The images below first appear to not have any identifiable subjects. This means there’s no need for a photography model release form. Regardless if used for commercial or editorial publishing.
But we can identify the musician based on many factors. These include his posture, body language, stature and choice of instrument.
Getting legal advice in these matters is helpful.
Someone might recognise the tattoo artist. We cannot see his face, but we do see the distinct shape, size and design of the body art.
As for these hockey players, their parents could tell who was who straight away. Even with eye protection and guards. This is something you need to be aware of.
When/Where Was the Photograph Taken?
This is another area that might involve a simple model release form, even if it seems like it shouldn’t. You don’t need a photography model release form for public spaces. These include parks, fairs, festivals, or streets.
This is especially the case if they are going to sit in a portfolio, or exist as a print on my wall.
But if you think that you may use that image one day for commercial purposes, get a simple model release form. Do this if you have identifiable subjects in your image.
Better safe than sorry. You may have a saleable image which you can’ t use otherwise, and you may never see the people in the image again.
You don’t need a photography model release form for street photography. Even if the face is recognisable. But if you intend to use them for commercial purposes, then a free model release is necessary.
From a legal point of view, you can photograph anyone in a public setting. But it may not always be a good idea. Those under 18 need a signature from their parent or legal guardian.
What Should Your Model Release Form Say?
A simple model release form is a contract that allows the commercial use of images. There is a basic idea of what needs to be in this contract. But the streets differ somewhat between states and countries.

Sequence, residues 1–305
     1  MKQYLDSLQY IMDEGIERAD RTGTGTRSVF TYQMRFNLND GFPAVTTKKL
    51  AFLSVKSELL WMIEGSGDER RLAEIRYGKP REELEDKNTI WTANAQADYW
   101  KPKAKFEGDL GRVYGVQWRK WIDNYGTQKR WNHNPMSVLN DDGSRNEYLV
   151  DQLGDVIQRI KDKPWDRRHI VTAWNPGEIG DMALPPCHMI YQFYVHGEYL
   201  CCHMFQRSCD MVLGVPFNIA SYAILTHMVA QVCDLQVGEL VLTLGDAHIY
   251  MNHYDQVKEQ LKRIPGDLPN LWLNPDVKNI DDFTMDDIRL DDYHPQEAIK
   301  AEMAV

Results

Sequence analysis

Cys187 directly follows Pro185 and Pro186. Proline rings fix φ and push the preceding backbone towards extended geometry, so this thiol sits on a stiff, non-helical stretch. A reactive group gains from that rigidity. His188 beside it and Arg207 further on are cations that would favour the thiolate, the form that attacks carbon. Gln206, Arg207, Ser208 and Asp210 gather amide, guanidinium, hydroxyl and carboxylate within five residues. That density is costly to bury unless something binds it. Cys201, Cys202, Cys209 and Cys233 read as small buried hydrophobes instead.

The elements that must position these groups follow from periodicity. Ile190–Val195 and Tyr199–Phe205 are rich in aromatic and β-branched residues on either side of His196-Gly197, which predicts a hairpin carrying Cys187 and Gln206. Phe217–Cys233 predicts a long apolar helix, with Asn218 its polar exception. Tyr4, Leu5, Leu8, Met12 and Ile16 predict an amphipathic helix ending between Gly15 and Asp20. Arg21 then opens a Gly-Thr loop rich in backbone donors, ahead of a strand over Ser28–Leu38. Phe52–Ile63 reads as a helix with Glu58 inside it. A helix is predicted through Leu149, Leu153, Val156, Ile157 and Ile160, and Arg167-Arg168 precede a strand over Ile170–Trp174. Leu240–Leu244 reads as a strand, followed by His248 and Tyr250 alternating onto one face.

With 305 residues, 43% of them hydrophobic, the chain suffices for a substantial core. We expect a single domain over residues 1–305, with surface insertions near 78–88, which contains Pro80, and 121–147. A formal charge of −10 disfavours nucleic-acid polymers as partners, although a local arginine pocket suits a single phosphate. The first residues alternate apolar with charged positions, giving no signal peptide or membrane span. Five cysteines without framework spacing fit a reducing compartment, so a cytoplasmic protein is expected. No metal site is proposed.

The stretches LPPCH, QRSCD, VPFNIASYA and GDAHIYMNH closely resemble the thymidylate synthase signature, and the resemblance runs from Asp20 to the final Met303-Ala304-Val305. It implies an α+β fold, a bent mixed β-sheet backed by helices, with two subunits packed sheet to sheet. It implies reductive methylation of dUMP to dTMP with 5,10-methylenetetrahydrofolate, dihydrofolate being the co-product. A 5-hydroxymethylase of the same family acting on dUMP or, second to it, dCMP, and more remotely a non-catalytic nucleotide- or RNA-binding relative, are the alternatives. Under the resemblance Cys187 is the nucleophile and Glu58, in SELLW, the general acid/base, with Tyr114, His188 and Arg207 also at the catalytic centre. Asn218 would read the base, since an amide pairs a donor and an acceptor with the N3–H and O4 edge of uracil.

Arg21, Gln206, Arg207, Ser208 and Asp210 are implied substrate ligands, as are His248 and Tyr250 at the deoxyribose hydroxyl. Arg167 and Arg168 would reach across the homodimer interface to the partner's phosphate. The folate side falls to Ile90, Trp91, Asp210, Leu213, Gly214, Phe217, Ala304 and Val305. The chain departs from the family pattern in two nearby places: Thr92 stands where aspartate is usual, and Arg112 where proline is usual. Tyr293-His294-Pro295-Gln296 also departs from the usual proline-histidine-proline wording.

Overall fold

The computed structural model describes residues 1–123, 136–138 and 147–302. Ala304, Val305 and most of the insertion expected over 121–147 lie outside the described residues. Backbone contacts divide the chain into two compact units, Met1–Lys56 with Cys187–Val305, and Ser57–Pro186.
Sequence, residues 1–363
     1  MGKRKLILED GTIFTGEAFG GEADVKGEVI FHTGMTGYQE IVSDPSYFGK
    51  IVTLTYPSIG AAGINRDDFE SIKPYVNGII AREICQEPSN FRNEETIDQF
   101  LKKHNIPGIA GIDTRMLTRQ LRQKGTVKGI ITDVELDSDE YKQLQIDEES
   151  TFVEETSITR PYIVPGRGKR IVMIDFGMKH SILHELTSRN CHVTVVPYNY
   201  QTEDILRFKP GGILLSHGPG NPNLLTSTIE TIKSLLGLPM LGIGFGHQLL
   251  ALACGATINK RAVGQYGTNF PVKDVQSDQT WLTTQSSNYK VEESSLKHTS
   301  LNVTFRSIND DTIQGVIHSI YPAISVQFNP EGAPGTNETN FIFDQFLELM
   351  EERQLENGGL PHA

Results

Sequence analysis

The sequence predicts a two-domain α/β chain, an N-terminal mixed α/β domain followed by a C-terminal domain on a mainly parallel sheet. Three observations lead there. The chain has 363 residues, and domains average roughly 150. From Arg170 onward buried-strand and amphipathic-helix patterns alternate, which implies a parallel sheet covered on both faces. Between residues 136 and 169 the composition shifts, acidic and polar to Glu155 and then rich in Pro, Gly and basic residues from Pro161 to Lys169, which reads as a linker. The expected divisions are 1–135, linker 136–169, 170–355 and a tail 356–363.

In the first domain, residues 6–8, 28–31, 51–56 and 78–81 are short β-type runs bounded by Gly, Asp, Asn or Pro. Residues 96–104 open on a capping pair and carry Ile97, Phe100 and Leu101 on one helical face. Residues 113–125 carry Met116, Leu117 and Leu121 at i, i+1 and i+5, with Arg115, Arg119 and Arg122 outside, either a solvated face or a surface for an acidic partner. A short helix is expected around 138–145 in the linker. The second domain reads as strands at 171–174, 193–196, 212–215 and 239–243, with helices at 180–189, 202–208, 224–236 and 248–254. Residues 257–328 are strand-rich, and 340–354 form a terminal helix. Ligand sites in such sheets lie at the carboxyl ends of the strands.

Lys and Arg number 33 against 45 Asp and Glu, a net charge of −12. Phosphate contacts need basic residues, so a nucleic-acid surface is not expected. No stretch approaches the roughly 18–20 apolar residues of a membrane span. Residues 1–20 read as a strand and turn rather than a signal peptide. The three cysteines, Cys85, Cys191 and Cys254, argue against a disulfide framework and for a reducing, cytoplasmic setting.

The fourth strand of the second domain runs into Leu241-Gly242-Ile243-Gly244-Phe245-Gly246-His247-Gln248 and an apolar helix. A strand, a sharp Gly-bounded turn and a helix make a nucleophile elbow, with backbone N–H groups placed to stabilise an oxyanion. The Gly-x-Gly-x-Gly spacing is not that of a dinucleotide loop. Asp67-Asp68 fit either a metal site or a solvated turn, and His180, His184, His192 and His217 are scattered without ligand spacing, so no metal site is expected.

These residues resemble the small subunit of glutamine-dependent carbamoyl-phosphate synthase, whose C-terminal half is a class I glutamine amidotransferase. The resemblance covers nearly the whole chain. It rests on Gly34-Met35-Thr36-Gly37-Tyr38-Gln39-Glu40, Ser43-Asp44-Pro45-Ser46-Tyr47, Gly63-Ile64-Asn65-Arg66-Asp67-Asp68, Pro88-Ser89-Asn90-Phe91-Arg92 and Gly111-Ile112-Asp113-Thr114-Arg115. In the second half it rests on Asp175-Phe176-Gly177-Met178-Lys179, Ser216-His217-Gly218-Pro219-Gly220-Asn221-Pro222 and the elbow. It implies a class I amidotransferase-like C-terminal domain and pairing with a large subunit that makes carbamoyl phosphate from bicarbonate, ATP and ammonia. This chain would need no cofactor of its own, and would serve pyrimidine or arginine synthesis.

There are so many photography model release forms and resources out there. We recommend not creating your own.
The idea with the contract is that it protects the interests and the rights of both parties. It is a two-way street. It helps both parties, and safeguards them against unwanted actions.
You are, after all, asking a bit from those photographed. They relinquish their right or claim over how, where and when these images appear.
This can be a big deal, and you should prepare yourself to reimburse them somehow. This can mean money, via a lump sum or a cut of the profits. It can also mean prints or anything else you agree on.
The photographer might not be the publisher of said image. Those authorised to publish the images on the photographers’ behalf also need consent.
Let’s go back to our original example. If that politician uses your image for their book cover, you are not the publisher. In this case, you are licensing the image to the publisher.
But you need permission from the photographed subject for a third party to use it also.
A photography model release form should be short and sweet. It needs to contain the photographed persons’ name, address, phone number and witness.
There are much longer versions, used for more important, commissioned work. The shorter versions are more for unplanned photographs.
Important Things to Remember
Keep these forms forever. These forms do not have a statute of limitations, and don’t run out. You will always need to present the model release form when you want to use or sell the image.
Also, it will stop legal proceedings or allow you to defend yourself if ever sued.
Some people may be hesitant in signing these forms. The contract doesn’t state exactly where and when you will use it. It only says that you can use it anywhere, at any time, for anything.
You will need to respect their decision if they refuse.
Taking photographs of a model or group of people will be easier. Photographing random people in the street? More difficult.
Have your subjects fill out the form beforehand, if photographing for commercial reasons.
If they say no, the photography session doesn’t take place, saving you a whole bunch of time.
A note from Josh, ExpertPhotography's Photographer-In-Chief: